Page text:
MBA Research

Geofencing as a Marketing Tool (June 2020)

You’re walking down the street when you get a ping from your cellphone. It turns out you just got a coupon from Starbucks which, coincidentally, you just passed.

This is a form of marketing called geofencing, the virtual bracketing of a specific area with the goal of collecting data from either GPS systems or RFID (radio-frequency identification). This is all made possible through location data from location services on cellphones. Geofencing is a very attractive marketing technique for many businesses because it allows marketers to advertise to potential customers who visit specific areas. Many consumers also love the convenience of receiving advertisements or offers to businesses that are close by.

Considerations for the workplace

Geofencing is being used widely in business in a number of different ways. Based on our research, some businesses are developing best practices as they use geofencing. Here is what we found.

First, it is worth considering how long data collected from a geofencing campaign will be stored. Will it be more than a day? A month? Europe has laws that limit collection of data storage through location services, and California has a law that went into effect in January 2020 to do the same. The goal of both laws is to cut down on perceived privacy violations from the marketing practice.

The data storage time frame is just one decision to take into consideration. Another important decision businesses have to make is determining who to solicit. The general consensus on how to determine this appears to be through an opt-in system. An opt-in system means customers can tell businesses they are OK with their location data being used.

Some businesses are only using geofencing to target ads through social media like Instagram or Twitter. This eliminates notifications altogether and could be less intrusive to the customer.

Many companies are working hard to be fully transparent with consumers about their use of geofencing. The opt-in option explained above is one way to do that. Another way is to be specific when ads come to the prospective customer. Businesses can remind consumers that they are receiving notifications because of their expressed interest in these types of notifications or ads.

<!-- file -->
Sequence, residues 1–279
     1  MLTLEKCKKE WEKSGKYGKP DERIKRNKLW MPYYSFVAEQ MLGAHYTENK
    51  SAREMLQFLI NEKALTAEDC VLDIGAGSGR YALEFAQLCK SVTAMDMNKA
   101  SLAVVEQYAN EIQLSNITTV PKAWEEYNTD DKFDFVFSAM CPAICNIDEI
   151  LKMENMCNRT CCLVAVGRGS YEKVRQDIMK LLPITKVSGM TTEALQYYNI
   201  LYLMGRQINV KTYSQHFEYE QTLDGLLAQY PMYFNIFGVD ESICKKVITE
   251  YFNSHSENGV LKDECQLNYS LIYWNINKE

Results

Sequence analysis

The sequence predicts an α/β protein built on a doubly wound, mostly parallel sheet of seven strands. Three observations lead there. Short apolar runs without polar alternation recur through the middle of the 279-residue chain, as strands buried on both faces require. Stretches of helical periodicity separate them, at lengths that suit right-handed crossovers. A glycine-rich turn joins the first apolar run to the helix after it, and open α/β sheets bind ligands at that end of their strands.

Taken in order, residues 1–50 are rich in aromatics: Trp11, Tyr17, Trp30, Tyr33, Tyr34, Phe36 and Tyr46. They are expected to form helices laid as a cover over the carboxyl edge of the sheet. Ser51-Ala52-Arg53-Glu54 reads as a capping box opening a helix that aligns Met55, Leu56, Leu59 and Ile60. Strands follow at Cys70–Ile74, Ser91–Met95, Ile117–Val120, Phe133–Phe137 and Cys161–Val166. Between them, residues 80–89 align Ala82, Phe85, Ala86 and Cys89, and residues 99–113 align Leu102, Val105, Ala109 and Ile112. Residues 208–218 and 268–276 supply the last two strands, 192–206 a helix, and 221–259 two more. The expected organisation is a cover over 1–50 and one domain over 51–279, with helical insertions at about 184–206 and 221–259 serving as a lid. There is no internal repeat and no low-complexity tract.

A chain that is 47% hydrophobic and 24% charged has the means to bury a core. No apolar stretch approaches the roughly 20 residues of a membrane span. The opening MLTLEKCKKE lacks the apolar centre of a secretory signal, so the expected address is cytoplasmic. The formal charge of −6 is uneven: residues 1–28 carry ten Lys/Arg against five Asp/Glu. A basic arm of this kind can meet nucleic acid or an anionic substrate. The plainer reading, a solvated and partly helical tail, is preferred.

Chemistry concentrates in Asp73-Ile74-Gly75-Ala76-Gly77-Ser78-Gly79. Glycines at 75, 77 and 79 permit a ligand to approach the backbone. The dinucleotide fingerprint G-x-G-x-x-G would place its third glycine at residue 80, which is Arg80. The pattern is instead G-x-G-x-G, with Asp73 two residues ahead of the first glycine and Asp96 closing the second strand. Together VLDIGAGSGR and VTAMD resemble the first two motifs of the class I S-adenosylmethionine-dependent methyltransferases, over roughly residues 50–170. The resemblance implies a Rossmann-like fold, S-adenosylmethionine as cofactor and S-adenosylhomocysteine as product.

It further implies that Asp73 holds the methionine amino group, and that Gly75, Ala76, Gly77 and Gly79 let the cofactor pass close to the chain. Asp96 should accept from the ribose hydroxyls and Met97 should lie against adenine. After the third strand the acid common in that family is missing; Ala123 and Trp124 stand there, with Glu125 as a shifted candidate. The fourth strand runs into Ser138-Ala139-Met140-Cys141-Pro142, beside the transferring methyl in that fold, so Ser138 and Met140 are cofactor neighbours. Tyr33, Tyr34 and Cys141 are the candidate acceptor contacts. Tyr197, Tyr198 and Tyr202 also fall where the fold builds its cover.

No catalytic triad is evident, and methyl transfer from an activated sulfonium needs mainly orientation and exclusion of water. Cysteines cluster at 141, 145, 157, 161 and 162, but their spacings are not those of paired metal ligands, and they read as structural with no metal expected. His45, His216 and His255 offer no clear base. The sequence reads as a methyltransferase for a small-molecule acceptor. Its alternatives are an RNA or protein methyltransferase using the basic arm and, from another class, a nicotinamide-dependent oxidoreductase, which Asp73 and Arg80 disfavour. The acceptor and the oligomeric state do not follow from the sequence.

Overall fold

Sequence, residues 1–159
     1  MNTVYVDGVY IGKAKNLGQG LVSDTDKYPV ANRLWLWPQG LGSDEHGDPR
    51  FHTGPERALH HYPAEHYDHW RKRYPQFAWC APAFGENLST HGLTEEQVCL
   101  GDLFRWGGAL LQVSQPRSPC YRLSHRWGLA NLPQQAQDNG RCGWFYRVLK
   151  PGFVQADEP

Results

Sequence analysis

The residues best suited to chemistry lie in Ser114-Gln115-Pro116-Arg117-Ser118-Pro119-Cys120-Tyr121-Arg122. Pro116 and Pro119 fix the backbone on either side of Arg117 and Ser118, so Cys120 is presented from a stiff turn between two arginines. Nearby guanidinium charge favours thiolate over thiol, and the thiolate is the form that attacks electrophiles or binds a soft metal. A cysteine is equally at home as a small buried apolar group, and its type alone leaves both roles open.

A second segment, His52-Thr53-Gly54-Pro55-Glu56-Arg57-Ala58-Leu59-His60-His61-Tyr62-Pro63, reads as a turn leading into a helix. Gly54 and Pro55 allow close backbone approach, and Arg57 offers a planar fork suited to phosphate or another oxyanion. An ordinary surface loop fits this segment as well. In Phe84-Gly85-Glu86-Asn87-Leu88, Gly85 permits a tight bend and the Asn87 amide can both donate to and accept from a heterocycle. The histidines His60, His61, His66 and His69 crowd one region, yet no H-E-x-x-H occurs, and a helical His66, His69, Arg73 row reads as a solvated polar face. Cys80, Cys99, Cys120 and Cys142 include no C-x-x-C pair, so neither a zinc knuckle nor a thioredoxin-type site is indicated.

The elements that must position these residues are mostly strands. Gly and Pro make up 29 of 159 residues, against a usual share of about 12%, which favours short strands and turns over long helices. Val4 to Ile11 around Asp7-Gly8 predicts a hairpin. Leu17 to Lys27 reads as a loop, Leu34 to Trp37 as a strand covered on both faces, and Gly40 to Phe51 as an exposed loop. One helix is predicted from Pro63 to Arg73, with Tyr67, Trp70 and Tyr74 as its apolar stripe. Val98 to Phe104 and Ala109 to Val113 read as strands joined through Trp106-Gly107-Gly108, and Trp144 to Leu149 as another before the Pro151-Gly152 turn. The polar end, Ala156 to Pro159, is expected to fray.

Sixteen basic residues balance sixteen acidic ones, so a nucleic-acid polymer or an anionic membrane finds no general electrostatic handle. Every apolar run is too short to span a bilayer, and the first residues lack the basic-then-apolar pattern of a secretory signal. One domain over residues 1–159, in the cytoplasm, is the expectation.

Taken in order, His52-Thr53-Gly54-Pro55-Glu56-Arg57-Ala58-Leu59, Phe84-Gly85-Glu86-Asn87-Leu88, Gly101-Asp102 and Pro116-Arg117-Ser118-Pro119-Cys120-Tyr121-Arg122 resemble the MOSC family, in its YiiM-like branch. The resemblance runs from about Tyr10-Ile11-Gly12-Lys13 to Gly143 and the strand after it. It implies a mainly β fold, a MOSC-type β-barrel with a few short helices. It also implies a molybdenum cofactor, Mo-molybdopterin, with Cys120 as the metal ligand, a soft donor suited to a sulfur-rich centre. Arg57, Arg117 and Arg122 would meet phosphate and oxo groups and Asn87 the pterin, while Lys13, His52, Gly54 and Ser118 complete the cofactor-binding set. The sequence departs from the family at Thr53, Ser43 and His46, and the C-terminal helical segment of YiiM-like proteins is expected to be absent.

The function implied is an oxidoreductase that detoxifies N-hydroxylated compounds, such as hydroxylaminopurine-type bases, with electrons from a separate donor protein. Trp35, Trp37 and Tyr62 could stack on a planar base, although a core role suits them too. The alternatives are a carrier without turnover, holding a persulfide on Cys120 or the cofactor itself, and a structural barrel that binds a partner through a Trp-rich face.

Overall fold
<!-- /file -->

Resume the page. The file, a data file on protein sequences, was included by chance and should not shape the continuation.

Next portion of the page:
Ethical Dilemmas in geofencing

Not surprisingly, the practice can be very controversial and can bring up ethical dilemmas, even among marketing professionals that MBA Research has heard from in focus groups across the country. 

While receiving a discount coupon to a favorite store may be seen as a bonus to many consumers, getting an ad for a personal injury lawyer while you’re in an emergency room may feel a little too personal, and a little less comfortable. This was the topic of a story featured on NPR in 2018. The marketing agency behind the ads claimed the goal was to make it easier for patients to find services they may need. An attorney in the story noted that, as of now, the federal government does not have any laws that regulate this type of advertising in hospitals and would not violate medical privacy laws like HIPPA. Patients, however, felt as if they were being spied on.

And, the American Bar Association wrote about a court case involving Monsanto, the manufacturer of the herbicide Round-Up. The complainants alleged the use of Round-Up gave them cancer. As a jury was being selected for a trial for the case, Monsanto purchased and sent ads to people who were inside the courthouse where the lawsuit was set to begin trial. The ads claimed Round-Up was a safe product to use. The people suing Monsanto in the case complained the geofenced ads were a form of jury tampering. The judge in the case disagreed. The judge ruled that the speech in the ads was protected and no different than people wearing buttons with political messages in the courtroom.

Through our research, we found that there is very little regulation related to where geofencing is applied and where businesses send their advertisements, like in a hospital or in a courthouse. In many ways, it may be up to consumers to manage their own privacy settings on their tech devices. But the question still remains: is it ethical to track and target people in a courtroom or a hospital emergency room even if it’s not prohibited by law?

Classroom implications and questions for students 

  • Consider a time when you think geofencing was used to target you with an ad or discount offer. Was this a positive or negative experience?
  • Imagine that you own or are working for a business considering using geofencing. What types of laws would you consider to be fair for both businesses and consumers? Should laws be focused on limiting advertisements inside hospitals, like in the NPR story? Would they seek to limit the amount of information collected or not?
  • Now consider geofencing from the consumer perspective. Do you think consumers have greater rights to privacy in certain situations versus others?

Links for further learning:

MBA Research provides a LAP (Learning Activity Package) that provides insight on complying with the spirit and intent of laws. Access the LAP for free here.